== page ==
Thus the ruling came out five to four, in favor of the practice in a modest sized town in upstate New York — Greece, which is near Rochester.  The case is Town of Greece v. Galloway.  A federal appeals court had struck down the practice, finding it focused so heavily on Christian prayers that it amounted to official city endorsement of that faith.

Although the lead opinion by Justice Kennedy relied very heavily upon the Court’s 1983 ruling in Marsh v. Chambers, upholding prayer to open sessions of the Nebraska state legislature, the opinion reinterpreted the Marsh decision and, in doing so, enlarged the opportunity to deliver such prayers in explicitly religious content and tone, invoking the deity of a given faith.

The Kennedy opinion flatly rejected an interpretation of the Marsh case that a Court majority had made in the 1989 decision in Allegheny County v. Greater Pittsburgh ACLU.  In that ruling, over a dissent written by Justice Kennedy, the Court had said that legislative prayer had been upheld in the Nebraska case only because the actual prayers delivered by the chaplain did not have a “sectarian” cast.   The majority in Allegheny County was applying, to a Christian crèche on government property at Christmastime, the so-called “endorsement test,” long associated with the writings of now-retired Justice Sandra Day O’Connor.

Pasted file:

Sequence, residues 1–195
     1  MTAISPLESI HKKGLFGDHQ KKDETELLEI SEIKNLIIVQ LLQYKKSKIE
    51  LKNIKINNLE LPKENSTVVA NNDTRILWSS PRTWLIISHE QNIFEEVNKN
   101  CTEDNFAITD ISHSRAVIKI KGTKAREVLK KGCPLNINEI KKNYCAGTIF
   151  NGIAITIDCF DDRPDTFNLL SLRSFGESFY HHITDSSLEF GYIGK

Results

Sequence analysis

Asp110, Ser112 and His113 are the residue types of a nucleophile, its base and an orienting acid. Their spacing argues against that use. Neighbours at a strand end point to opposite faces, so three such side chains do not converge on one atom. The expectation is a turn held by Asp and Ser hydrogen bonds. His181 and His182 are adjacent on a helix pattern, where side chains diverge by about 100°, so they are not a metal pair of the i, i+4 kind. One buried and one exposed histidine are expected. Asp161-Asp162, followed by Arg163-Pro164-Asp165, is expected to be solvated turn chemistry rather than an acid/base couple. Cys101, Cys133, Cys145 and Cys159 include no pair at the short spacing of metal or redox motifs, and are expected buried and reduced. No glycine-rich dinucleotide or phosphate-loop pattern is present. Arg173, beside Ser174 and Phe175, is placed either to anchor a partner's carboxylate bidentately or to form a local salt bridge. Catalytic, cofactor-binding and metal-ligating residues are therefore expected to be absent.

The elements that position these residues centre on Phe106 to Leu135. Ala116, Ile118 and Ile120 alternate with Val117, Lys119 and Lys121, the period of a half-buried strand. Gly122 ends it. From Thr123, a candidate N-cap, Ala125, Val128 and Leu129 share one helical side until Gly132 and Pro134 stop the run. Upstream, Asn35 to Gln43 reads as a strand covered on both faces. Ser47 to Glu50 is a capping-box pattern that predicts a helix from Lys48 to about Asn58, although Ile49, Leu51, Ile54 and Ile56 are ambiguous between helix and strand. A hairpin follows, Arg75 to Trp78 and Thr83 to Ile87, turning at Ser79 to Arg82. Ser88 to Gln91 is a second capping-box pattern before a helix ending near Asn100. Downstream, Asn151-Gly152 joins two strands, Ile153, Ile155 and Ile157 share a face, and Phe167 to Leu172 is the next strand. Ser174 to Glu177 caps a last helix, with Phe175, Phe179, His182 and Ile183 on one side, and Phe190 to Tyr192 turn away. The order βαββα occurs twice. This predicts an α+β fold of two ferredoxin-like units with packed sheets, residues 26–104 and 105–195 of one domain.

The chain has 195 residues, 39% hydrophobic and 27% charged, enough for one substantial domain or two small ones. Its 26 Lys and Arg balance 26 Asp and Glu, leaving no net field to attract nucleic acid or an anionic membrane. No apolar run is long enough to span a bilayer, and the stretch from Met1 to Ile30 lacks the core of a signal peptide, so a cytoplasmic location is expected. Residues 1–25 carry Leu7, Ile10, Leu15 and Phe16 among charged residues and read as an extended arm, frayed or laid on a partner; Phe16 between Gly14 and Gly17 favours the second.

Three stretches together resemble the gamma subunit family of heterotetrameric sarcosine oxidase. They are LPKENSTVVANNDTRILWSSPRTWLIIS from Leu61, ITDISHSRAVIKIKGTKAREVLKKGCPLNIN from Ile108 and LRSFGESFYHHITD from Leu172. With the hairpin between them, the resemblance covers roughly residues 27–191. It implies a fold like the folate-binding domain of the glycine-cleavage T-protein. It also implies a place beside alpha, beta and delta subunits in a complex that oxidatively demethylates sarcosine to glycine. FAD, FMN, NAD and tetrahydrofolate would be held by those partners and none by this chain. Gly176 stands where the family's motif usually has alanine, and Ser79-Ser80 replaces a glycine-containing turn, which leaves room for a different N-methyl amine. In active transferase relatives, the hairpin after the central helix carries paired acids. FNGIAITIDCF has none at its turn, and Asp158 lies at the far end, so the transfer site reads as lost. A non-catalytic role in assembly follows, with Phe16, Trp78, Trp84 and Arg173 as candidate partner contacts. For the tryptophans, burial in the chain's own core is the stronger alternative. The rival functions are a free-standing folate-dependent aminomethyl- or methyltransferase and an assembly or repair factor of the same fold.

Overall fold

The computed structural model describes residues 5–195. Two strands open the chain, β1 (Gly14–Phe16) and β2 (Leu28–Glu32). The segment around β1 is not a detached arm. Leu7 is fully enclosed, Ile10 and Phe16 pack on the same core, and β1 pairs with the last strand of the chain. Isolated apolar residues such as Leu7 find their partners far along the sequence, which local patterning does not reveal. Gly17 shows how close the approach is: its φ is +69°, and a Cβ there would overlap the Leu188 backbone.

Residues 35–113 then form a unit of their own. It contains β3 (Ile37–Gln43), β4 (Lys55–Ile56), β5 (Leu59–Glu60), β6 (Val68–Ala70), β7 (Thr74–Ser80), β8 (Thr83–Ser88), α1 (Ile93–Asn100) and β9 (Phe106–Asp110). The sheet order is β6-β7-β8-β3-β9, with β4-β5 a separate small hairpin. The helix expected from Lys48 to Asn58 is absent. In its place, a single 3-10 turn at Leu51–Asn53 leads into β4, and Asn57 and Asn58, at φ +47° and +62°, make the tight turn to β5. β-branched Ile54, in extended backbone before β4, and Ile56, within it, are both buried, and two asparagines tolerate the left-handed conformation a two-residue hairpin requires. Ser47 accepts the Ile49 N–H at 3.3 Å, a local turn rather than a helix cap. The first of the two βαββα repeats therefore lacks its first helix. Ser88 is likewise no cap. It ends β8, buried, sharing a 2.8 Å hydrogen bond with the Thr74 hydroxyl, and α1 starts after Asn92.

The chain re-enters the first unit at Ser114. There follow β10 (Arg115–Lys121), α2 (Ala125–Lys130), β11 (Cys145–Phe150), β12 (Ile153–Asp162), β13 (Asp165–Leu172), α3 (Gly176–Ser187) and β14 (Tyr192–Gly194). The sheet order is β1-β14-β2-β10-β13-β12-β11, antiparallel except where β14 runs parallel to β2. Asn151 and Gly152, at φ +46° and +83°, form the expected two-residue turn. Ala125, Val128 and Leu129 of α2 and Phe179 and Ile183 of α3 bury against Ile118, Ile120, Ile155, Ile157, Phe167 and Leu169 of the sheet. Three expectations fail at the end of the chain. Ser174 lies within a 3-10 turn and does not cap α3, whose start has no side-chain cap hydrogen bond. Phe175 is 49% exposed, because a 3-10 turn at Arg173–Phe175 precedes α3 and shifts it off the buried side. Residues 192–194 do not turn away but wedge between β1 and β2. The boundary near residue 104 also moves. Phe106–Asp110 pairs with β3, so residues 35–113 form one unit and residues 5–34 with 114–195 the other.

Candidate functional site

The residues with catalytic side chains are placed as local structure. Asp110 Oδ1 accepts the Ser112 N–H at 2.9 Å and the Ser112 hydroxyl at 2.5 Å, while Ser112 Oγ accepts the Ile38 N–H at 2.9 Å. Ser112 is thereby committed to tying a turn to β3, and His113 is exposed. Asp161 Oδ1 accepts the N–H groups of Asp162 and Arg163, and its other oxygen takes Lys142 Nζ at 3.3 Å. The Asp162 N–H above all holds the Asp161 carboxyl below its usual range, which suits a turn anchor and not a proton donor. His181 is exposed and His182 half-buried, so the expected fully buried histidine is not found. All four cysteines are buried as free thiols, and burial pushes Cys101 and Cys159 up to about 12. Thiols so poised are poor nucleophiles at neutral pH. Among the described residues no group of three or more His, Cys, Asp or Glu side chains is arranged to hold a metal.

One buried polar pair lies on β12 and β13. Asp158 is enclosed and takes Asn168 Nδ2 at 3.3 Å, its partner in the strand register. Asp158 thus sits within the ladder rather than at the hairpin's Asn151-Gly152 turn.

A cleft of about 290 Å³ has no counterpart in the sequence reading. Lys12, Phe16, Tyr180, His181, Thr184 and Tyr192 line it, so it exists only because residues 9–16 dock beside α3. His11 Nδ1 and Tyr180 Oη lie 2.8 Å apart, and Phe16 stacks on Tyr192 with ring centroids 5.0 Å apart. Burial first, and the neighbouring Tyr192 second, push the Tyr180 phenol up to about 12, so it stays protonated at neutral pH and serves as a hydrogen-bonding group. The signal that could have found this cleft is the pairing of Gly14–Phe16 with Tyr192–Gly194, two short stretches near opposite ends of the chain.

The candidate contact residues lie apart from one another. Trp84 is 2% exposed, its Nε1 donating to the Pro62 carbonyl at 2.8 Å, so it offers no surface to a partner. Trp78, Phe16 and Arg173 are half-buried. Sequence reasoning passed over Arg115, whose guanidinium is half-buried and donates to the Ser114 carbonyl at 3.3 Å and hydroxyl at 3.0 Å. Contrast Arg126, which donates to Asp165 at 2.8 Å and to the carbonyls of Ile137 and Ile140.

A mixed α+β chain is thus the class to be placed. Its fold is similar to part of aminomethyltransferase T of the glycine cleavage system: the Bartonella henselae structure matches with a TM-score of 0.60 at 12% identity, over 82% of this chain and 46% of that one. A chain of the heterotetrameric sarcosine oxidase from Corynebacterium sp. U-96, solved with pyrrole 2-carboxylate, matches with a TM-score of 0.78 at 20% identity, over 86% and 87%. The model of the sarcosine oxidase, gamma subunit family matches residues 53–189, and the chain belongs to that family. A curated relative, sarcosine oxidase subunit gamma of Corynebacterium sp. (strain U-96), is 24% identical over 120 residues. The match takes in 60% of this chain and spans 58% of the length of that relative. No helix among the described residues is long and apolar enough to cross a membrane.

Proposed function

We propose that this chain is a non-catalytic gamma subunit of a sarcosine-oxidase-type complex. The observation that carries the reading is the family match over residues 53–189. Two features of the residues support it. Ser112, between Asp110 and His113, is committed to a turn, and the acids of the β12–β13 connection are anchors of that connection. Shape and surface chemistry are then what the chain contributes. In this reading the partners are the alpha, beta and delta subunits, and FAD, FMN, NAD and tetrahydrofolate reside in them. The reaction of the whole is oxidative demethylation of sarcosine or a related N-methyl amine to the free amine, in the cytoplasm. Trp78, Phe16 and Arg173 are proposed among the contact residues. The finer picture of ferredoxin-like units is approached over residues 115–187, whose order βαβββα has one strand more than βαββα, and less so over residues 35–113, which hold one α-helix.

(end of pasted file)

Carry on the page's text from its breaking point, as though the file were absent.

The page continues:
On Tuesday, Justice Kennedy said that was a misunderstanding of the content of prayers at issue in the Marsh case.  And, the Justice went on, that decision stands not only for the proposition that legislative prayer can be upheld because of its long history in American legislative assemblies, but also for the idea that it can be upheld because the Constitution does not forbid “sectarian” prayers in that setting.

The stark difference between the majority opinion in the Allegheny County case and the Court’s new opinion in the Town of Greece case illustrated the progress made by Justice Kennedy toward the Court’s full embrace — although for differing reasons among five Justices who determined the outcome  — of the “coercion” test in determining whether a government practice amounted to an “establishment of religion” in violation of the First Amendment.

Treating the Kennedy opinion as controlling, because it spoke to a middle-ground approach between blocs of Justices who wanted to go further in one direction or the opposite, this is the constitutional prescription it provided for legislative prayers:

  • First:  Such prayers are not confined to meetings of Congress or state legislatures, but may also be recited in the more intimate and familiar setting of local government meetings.
  • Second:  The prayer portion of the meeting must be conducted only during a ceremonial part of the government body’s session, not mixed in with action on official policy.